Despite Nuclear Accord, U.S.-Iran Tensions Are on the Rise.
Conviction of U.S. journalist, testing of ballistic missiles heighten concerns among deal’s U.S. critics.
WASHINGTON— Jay Solomon reports: Tensions between the U.S. and Iran, rather than easing as a result of July’s nuclear accord, are increasing over a wide spectrum of issues tied to the broader Middle East security landscape and to domestic Iranian politics, current and former U.S. officials say.
“Fears are mounting in Washington and Europe that these two conflicts could fuel a much broader regional war, in which Iran and Saudi Arabia are the chief protagonists.”
Just in the past two days, Iran has test-fired a ballistic missile and announced the conviction of American journalist Jason Rezaian, fueling suspicions the historic nuclear agreement has allowed Tehran’s Islamist clerics to step up their long-held anti-U.S. agenda.
Washington’s closest Mideast allies, particularly Israel and Saudi Arabia, are more broadly concerned about Iran’s ability to use the diplomatic cover provided by the nuclear accord—and the promised release of tens of billions of dollars of frozen oil revenues—to strengthen its regional position and that of its allies.
“There’s a risk that nonnuclear issues could sink the overall deal. The optics are terrible.”
—Richard Nephew, a former top negotiator with Iran
Iran last month launched a joint military operation with Russia in Syria aimed at stabilizing the regime of President Bashar al-Assad, Tehran’s closest regional ally, according to Iranian and Russian officials.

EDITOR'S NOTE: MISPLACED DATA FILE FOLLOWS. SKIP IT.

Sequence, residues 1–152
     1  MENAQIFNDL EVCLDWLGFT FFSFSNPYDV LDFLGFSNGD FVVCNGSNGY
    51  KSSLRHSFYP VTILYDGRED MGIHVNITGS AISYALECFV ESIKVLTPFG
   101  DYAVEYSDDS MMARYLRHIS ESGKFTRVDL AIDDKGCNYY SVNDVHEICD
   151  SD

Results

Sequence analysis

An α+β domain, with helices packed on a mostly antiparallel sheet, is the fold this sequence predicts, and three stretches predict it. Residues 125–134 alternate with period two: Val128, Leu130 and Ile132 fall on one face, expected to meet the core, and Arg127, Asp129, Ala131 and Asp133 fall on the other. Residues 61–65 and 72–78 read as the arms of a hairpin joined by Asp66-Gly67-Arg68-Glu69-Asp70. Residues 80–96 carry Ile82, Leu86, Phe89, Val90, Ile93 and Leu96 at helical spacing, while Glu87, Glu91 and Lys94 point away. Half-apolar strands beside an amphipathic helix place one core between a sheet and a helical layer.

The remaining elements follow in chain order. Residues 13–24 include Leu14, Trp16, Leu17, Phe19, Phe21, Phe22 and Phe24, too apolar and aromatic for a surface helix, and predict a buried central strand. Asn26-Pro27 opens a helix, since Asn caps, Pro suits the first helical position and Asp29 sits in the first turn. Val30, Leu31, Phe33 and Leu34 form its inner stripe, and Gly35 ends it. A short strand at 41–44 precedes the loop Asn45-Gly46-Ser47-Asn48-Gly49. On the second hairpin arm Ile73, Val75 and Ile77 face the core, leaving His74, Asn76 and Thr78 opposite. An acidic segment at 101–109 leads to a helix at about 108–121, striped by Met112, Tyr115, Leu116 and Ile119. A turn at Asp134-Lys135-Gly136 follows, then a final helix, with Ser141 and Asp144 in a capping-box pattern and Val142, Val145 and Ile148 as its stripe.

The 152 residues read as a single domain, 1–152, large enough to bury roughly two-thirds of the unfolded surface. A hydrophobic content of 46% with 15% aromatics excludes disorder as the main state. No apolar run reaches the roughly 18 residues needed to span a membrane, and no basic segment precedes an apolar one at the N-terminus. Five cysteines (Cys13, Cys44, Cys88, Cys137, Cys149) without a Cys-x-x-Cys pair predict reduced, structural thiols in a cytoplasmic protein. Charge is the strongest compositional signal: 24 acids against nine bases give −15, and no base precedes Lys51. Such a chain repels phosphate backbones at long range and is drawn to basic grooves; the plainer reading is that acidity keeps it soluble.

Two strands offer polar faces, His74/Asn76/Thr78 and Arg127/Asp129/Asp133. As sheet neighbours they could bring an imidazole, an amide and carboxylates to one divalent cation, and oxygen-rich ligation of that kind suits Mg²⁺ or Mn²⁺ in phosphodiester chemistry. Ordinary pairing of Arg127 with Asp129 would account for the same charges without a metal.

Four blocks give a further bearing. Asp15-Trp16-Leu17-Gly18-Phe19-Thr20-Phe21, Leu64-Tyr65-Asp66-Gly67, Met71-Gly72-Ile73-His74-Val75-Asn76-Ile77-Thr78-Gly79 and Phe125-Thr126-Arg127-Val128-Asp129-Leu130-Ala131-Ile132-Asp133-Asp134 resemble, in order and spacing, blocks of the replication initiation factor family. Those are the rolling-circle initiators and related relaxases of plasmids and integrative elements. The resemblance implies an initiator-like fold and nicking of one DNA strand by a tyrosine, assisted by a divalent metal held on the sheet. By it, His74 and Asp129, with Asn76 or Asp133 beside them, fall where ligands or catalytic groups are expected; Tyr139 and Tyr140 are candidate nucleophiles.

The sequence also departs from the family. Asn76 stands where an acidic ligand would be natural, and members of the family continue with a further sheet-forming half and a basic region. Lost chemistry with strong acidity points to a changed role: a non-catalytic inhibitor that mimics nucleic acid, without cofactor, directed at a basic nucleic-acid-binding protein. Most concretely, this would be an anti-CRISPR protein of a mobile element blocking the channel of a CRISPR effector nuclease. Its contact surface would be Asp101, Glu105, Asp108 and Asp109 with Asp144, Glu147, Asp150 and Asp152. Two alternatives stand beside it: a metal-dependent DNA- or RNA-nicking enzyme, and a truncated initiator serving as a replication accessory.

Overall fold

Iran has also continued to ship arms and money to Houthi rebels in Yemen, who seized the country’s capital this year but are now facing an expansive counteroffensive led by Saudi Arabia, according to Arab officials.
Fears are mounting in Washington and Europe that these two conflicts could fuel a much broader regional war, in which Iran and Saudi Arabia are the chief protagonists.
The Obama administration’s ability to implement the nuclear accord amid such tumult could be compromised, said former U.S. officials involved in the Iran diplomacy.
“There’s a risk that nonnuclear issues could sink the overall deal,” said Richard Nephew, who was a top negotiator with Iran up until late 2014. “The optics are terrible.”
“Both in its nuclear negotiations and its consideration of Americans detained in Iran, the administration has shown a dangerous naiveté regarding who it is dealing with.”
—Rep. Ed Royce (R., Calif.), chairman of the House Foreign Affairs Committee
Obama administration officials on Monday stressed that the July 14 agreement is solely focused on denying Iran the capability to develop an atomic weapon, and not solving these regional problems.
State Department spokesman John Kirby said the U.S. was closely monitoring both Iran’s missile test on Sunday and Mr. Rezaian’s legal case to decide if and how to respond. Read the rest of this entry »
LONDON — Twenty-one years ago this summer, Bill Clinton was crisscrossing the United States, campaigning for president and denouncing the White House for its failure to stop the Bosnian war. In July 1992, he spoke of the “renegade regime” in Serbia, called on the United Nations to tighten sanctions and, after the publication of particularly harrowing photographs from a Serbian concentration camp, declared that Americans must do “whatever it takes to stop the slaughter of civilians.” If elected, he declared, he would begin “with air power against the Serbs.”
Alas, Clinton had not, at that point, learned about the power of language or about the ways in which an American president’s words can be interpreted around the world…
By Per Liljas
Over the past 12 months, the number of refugees fleeing the two-year-old civil war in Syria has increased ten-fold, with more than 2 million now seeking sanctuary abroad, according to the U.N. refugee agency.
By year’s end, another million could be added with no sign of the flood abating, say officials. Combined with the 4.25 million people displaced within the country’s borders, more people have now been forced from their homes in Syria than in any other country.